Purdue Professor Picked by NASA

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A Purdue University professor is among seven researchers selected by NASA to receive an Early Career Faculty award. The funding is given to educators developing new technologies with robotics, lasers and other useful space exploration tools. August 7, 2014

News Release

WEST LAFAYETTE, Ind. -- A Purdue University professor is among seven researchers selected by NASA for Early Career Faculty awards to pursue new technologies in robotics, lasers and other systems for space exploration.

Rebecca Kramer, an assistant professor of mechanical engineering, will lead a Purdue team focusing on "active elastic skins for soft robotics."

NASA selected proposals to develop new space technologies for robots capable of traversing alien terrains, new lightweight materials and structures, and advanced lasers for space missions. Such innovation will be needed for the exploration of asteroids, Mars and the outer planets, according to a NASA statement. The projects are funded through NASA's Space Technology Research Grants Program.

Kramer is working on technologies related to "soft machines" made of elastic materials for potential applications in robotics, medical devices and consumer electronics. She and her students are creating a robotic fabric that can be slipped over a block of foam or an inflated balloon. Orienting the fabric in one direction causes the robot to bend, producing locomotion like an inchworm's. Orienting the fabric in a different direction causes it to compress - producing a peristaltic - or slithering locomotion.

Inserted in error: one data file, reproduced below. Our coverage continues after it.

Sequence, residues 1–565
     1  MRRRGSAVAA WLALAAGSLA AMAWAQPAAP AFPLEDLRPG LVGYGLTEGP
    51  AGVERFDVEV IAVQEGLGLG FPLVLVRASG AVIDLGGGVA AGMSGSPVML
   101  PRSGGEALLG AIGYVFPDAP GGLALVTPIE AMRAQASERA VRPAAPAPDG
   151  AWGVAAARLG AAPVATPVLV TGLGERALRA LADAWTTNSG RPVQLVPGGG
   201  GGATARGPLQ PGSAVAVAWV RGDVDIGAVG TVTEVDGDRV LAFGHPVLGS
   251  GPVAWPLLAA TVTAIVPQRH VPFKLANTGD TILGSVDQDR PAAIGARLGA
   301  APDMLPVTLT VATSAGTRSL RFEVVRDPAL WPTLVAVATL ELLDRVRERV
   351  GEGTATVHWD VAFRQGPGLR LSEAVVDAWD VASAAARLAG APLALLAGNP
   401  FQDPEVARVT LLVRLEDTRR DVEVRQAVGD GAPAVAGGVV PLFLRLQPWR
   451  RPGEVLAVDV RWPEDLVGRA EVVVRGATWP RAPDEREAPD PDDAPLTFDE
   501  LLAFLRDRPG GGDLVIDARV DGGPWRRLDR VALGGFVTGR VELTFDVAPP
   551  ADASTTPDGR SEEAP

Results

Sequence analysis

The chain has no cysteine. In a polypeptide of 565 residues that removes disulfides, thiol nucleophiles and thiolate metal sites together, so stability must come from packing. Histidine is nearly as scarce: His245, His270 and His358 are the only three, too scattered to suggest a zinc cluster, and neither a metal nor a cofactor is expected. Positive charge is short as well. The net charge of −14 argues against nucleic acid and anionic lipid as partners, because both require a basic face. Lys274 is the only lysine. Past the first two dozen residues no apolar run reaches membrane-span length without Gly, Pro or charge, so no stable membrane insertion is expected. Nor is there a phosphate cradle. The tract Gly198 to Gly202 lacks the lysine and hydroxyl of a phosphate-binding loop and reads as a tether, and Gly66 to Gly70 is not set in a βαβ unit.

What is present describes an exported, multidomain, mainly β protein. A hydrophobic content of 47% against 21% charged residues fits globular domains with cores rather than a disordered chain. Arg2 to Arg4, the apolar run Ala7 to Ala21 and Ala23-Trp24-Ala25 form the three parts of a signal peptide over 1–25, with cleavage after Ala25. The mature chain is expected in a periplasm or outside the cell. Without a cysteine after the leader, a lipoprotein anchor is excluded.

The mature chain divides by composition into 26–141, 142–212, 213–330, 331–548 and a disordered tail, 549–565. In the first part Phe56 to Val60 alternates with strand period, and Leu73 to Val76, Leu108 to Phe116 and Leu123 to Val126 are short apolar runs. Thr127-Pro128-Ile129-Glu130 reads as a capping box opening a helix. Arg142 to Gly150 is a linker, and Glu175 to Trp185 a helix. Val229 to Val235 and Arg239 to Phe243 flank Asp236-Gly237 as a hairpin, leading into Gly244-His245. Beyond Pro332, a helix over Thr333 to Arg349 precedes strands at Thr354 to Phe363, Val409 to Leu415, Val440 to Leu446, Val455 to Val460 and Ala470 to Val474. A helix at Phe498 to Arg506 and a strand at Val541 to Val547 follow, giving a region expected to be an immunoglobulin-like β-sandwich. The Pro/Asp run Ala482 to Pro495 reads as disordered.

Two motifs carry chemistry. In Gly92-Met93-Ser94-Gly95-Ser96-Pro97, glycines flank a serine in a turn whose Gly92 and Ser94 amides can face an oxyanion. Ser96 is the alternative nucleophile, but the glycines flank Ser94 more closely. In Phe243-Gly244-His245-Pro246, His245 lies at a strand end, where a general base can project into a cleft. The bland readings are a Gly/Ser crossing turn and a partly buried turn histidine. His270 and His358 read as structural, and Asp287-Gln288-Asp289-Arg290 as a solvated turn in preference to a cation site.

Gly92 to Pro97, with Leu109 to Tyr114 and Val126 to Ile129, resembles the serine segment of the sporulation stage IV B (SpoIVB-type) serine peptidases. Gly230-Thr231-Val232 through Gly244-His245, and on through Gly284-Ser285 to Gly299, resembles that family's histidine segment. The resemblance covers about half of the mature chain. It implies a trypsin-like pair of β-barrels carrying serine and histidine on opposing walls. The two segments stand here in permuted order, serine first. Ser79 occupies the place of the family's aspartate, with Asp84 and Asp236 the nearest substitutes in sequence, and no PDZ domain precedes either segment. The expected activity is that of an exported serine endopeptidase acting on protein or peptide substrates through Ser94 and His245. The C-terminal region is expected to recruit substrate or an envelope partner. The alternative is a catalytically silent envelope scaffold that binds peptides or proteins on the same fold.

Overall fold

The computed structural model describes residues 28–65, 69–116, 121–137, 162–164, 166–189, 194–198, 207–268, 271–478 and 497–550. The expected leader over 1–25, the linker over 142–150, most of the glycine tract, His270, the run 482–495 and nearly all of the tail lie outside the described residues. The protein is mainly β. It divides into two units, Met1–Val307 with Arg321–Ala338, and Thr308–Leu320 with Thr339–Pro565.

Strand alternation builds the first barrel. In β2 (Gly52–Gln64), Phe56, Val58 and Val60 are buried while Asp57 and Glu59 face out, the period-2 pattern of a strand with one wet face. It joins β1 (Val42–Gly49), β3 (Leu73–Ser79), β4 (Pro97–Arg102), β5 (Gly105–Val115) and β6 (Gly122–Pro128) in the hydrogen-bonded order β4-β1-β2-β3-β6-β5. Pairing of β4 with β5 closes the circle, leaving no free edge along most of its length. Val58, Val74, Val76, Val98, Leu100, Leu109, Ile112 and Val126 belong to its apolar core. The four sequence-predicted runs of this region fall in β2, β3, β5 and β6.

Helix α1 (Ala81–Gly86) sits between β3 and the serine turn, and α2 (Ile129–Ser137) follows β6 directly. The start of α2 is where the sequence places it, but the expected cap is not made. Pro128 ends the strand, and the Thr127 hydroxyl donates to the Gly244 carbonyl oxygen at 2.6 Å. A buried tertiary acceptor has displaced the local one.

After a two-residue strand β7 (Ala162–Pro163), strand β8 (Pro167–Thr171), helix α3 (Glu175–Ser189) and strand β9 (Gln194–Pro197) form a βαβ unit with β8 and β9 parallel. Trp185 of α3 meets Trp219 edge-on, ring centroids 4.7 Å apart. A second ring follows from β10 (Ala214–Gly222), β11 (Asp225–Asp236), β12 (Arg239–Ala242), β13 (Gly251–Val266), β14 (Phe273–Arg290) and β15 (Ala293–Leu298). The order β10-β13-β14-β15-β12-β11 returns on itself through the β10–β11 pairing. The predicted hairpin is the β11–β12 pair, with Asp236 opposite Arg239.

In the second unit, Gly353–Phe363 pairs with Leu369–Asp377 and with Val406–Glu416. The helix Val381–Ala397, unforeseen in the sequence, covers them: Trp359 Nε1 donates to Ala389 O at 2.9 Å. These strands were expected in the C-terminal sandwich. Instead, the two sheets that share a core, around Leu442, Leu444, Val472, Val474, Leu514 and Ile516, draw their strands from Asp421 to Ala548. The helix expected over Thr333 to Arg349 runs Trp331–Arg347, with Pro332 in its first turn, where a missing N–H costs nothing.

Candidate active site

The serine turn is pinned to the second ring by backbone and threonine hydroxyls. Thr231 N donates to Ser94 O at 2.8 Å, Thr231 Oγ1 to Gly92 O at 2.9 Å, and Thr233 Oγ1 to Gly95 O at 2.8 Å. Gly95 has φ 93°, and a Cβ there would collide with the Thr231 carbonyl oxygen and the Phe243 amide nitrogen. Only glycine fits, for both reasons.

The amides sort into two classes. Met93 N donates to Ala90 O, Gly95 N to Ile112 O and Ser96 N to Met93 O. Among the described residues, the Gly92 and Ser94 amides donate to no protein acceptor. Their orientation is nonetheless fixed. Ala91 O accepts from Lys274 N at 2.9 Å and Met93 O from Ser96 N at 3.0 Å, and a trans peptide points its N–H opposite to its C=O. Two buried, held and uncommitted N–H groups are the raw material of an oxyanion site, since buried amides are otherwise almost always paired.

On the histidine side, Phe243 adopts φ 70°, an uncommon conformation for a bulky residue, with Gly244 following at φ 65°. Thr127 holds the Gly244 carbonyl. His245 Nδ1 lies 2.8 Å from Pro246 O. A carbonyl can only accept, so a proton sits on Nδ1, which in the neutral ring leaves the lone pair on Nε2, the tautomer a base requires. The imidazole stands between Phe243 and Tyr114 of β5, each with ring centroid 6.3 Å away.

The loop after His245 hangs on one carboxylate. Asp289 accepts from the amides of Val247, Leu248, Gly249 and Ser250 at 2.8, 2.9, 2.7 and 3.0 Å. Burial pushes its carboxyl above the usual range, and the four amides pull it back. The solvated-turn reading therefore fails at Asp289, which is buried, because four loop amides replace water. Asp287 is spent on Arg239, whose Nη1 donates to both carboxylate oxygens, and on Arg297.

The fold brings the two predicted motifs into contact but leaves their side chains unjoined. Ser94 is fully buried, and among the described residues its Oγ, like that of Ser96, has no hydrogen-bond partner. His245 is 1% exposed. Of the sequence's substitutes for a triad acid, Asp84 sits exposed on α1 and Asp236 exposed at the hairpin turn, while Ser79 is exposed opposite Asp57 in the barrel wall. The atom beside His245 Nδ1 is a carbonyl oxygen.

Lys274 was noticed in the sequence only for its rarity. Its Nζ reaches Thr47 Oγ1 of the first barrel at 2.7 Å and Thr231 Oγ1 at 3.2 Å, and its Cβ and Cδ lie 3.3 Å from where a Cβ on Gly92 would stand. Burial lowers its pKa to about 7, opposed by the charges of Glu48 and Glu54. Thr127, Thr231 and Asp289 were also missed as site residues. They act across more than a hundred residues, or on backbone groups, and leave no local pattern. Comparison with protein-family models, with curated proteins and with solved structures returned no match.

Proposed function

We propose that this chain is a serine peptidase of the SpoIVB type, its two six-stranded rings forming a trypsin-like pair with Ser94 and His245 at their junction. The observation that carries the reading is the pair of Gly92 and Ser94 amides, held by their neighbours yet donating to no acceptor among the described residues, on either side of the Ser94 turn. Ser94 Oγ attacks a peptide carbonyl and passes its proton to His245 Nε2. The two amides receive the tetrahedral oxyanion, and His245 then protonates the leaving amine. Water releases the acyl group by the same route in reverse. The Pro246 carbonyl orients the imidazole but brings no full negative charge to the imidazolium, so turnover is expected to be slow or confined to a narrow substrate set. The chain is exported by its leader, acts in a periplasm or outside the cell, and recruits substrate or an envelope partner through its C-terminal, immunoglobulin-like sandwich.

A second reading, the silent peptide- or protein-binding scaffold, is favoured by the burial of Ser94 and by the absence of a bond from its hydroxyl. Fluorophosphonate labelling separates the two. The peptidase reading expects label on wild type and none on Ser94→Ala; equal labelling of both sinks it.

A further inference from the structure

The NASA project takes the research a step further, focusing on the development of an elastic robotic skin containing a shape-memory alloy for muscle-like movement as well as numerous sensors to provide feedback and environmental information.

The goal is to make possible a class of soft robots where all the functional elements including sensors are embedded in the skin. The approach could allow space travelers to ship lightweight, easy-to-store sheets of robotic skin for assembly once they reach their destination.

"We want to be able to design and make robots on the fly," Kramer said. "By embedding all of the functional components into a 2-D skin, and then wrapping that skin around 3-D deformable objects, we'll be able to create many robots with variable functionality rather than a single robot designed for a single function."

This multilayered skin will include flexible electronics that are less sensitive to vibration than conventional hardware, making them rugged enough for mission environments. Sensors are critical to the design.

"There has to be some kind of intelligence built into the system," Kramer said. "And this poses challenges because we need to deal with sensor networks and how to interface with hardware. As we make sensors smaller and smaller and then pack them more densely, we have a lot of sensory inputs. So how do we transform large arrays of sensor inputs into an estimation of system state?"

Source: Purdue University